In French director Patrick Bokanowski’s rapturously mysterious avant-garde opus, L’Ange (1982), we climb a strange winding stairway (to heaven?), stopping here and there to observe the activities on the various landings. A man practices fencing against a hanging dummy; a housemaid serves her master; a library bristles with frenzied (and identical) researchers carrying absurdly large stacks of books; and, in the haunting sequence that appears to give the film its title, not-quite-human figures make their fluttering ascent amid reflected and refracted beams of ethereal sunlight. Silent save for the nerve-jangling, Bernard Herrmannesque string score composed by Bokanowski’s wife and regular collaborator, Michèle, the images of L’Ange flicker and flit their way to life onscreen with the primitive intensity of the earliest film recordings, while the “characters” repeat their actions in maddening loops, as if trapped in time, or perhaps just some Kafkaesque waking nightmare. I’m not sure what it all means, but as a discordant symphony of forms and movement, shadows and light, the film is stunning. This one-time screening will be preceded by the Bokanowskis’ short film Pour un Pianiste (1974) and will feature an appearance by the filmmakers. (REDCAT; Mon., Feb. 27, 8 p.m.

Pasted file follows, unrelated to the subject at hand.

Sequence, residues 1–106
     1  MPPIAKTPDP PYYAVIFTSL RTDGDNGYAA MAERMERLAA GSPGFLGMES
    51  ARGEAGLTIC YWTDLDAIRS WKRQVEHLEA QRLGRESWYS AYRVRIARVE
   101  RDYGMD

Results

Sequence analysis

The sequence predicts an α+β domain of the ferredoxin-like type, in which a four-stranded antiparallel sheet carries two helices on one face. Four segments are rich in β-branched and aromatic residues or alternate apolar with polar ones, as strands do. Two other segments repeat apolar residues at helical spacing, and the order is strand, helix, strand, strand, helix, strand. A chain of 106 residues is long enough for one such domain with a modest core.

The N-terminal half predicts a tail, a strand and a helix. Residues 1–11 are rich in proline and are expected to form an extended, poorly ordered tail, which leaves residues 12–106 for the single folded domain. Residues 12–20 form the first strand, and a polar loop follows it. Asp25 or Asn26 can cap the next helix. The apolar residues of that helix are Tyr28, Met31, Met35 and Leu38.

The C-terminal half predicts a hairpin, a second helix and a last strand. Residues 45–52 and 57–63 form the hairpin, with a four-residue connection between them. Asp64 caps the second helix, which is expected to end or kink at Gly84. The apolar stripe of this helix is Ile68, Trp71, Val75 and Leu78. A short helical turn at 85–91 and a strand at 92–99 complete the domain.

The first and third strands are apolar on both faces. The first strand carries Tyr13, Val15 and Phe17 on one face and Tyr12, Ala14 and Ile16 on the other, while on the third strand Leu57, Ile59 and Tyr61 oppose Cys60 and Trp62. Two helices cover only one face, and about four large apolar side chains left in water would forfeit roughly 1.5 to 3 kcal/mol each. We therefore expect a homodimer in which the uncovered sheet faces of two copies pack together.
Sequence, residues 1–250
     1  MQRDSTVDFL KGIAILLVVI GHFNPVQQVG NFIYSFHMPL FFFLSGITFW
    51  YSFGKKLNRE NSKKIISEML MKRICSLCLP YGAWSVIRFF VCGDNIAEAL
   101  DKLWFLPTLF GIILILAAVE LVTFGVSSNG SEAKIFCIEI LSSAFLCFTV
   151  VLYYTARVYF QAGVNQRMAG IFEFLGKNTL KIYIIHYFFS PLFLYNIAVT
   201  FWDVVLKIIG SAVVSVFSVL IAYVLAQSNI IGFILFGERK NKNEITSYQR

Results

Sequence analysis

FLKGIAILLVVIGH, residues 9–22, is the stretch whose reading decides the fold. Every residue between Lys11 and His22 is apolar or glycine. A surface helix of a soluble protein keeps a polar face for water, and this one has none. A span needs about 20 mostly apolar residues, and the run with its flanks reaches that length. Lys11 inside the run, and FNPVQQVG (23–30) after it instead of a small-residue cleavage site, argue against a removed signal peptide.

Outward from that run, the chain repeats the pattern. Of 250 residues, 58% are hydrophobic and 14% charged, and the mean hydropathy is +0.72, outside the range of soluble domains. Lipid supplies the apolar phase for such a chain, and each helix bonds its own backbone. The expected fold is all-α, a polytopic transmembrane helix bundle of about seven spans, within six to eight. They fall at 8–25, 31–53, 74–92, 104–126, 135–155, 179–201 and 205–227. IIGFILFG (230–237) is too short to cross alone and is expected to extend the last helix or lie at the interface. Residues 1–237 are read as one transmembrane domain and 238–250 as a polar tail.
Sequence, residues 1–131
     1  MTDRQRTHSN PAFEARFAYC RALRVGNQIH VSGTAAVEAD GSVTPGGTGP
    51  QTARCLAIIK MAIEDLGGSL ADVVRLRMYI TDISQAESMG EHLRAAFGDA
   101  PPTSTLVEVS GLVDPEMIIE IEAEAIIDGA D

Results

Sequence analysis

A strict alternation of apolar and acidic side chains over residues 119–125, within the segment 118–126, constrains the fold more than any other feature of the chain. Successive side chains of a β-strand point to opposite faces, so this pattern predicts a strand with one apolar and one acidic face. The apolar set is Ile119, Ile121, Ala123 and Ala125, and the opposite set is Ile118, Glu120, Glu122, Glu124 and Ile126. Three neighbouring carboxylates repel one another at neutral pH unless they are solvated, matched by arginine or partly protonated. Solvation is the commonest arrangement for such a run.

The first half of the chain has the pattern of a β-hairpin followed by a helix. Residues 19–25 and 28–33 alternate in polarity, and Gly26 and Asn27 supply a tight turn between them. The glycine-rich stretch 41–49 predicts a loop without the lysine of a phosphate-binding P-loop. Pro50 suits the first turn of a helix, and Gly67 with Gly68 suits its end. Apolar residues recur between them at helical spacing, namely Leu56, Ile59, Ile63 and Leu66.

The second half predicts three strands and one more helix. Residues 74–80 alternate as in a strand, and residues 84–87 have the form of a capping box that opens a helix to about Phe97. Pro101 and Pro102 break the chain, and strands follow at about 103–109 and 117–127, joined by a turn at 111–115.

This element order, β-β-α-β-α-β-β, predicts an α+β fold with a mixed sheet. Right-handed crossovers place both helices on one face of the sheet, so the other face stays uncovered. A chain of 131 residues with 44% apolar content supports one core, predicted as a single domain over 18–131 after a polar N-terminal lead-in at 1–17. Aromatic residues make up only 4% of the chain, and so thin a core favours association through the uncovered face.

—Scott Foundas

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